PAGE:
I read an article recently by C. J. Hayden. In it, she was talking about the idea that marketing that is too unique can hurt you.
In one anecdote, she related how she had met a fellow who had a “unique process” for helping companies resolve conflicts between employee groups.
When asked, he couldn’t explain his process. All he would say is that it had to be experienced to be understood.
When she asked him how it compared to solutions like mediation or team building, he told her it was a totally different approach that defied comparison.
She said she would have liked to have referred him, but couldn’t picture herself calling a company and saying “Hi, I know someone who says he can fix your problem, but he can’t explain how. You’ll just have to hire him and see.”
This reminded me exactly of a prospective client who once contacted me.
He couldn’t give me any clear idea about what he did or who he did it for.
He abjectly refused to categorize himself (and was quite pleased with himself about that), much less give me any kind of term for what he did, say only, “I don’t believe in labeling myself. What I do is too unique.”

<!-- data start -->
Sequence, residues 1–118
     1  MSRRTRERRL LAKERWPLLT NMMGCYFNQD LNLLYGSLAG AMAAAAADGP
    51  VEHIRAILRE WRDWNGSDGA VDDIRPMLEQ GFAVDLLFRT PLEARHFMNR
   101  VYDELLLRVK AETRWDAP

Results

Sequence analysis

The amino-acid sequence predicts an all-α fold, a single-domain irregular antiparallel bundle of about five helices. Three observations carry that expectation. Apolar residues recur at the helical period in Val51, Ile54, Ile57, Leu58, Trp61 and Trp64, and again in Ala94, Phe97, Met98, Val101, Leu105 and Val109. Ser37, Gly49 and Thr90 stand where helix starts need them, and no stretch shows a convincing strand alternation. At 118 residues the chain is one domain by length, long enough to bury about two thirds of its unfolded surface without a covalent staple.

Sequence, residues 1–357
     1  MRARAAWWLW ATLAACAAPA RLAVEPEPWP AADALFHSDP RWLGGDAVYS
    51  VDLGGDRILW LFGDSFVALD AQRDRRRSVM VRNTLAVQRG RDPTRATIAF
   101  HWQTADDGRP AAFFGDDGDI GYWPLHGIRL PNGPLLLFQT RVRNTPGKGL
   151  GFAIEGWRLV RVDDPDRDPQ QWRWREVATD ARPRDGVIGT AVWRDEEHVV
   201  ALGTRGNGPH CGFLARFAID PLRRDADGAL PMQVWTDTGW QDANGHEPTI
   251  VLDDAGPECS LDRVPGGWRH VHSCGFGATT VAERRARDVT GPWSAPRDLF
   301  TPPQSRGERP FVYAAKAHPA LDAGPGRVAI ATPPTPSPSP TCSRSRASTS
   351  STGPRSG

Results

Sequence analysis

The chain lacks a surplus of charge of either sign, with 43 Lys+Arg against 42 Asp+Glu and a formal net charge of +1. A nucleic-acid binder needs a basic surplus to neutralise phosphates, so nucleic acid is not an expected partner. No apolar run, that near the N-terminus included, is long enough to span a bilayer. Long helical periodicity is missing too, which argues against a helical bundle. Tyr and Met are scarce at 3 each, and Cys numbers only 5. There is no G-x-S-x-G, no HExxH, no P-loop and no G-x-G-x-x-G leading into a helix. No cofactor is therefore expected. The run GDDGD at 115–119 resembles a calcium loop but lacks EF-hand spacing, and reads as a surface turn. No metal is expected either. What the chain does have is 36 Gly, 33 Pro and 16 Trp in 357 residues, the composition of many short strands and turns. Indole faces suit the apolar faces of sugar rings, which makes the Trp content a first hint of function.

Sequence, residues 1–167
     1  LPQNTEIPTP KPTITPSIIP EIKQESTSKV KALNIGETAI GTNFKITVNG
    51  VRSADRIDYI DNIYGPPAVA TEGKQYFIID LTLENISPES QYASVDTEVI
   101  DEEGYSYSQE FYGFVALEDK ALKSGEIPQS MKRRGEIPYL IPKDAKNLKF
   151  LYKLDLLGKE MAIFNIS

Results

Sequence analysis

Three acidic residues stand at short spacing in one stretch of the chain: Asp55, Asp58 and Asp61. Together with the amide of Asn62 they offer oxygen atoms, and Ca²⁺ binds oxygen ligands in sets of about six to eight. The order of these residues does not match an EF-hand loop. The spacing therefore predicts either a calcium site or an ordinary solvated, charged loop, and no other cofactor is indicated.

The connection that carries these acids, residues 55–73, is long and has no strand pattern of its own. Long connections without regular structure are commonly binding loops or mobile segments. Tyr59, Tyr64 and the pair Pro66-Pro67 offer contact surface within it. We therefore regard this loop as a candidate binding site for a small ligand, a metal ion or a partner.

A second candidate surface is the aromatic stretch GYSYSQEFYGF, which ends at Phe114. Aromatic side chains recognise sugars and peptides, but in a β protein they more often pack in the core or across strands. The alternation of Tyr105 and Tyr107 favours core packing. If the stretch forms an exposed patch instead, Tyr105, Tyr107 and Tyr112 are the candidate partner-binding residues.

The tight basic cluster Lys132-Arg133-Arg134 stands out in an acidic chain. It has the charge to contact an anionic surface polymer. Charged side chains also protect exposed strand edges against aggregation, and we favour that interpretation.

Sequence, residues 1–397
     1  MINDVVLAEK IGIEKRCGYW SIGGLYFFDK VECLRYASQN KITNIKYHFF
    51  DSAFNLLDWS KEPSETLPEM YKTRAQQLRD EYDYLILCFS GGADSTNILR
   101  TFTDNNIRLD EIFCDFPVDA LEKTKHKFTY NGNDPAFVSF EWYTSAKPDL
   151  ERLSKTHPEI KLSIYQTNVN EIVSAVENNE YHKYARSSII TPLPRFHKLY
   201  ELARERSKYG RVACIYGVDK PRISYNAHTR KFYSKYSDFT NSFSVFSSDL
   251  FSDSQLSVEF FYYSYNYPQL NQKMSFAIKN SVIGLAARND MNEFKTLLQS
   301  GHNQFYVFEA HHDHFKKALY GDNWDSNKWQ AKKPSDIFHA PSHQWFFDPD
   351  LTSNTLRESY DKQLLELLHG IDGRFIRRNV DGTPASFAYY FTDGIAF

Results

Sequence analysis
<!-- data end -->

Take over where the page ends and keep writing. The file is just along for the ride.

Needless to say, that conversation went nowhere real quick.
I can’t help someone who makes what they do so completely inscrutable, for both me and their would-be clients.
When you are marketing your administrative support business, the idea isn’t to be mysterious or so all-encompassing that no one can figure out exactly what you are.
It’s about creating clarity and understanding — clearly categorizing the business (Administrative Consultant), what you do (administrative support), who you do it for (your target market) and how you help improve things for them (what they gain from working with you, how their circumstances are improved, what results and benefits your clients typically receive through working with you).
The more you focus your message on a specifically defined audience, the more attractive, resonate, compelling — and unique — it will be, and the less you will be parroting the same tired, outdated, ineffective message that clients see on every single other site out there in our industry.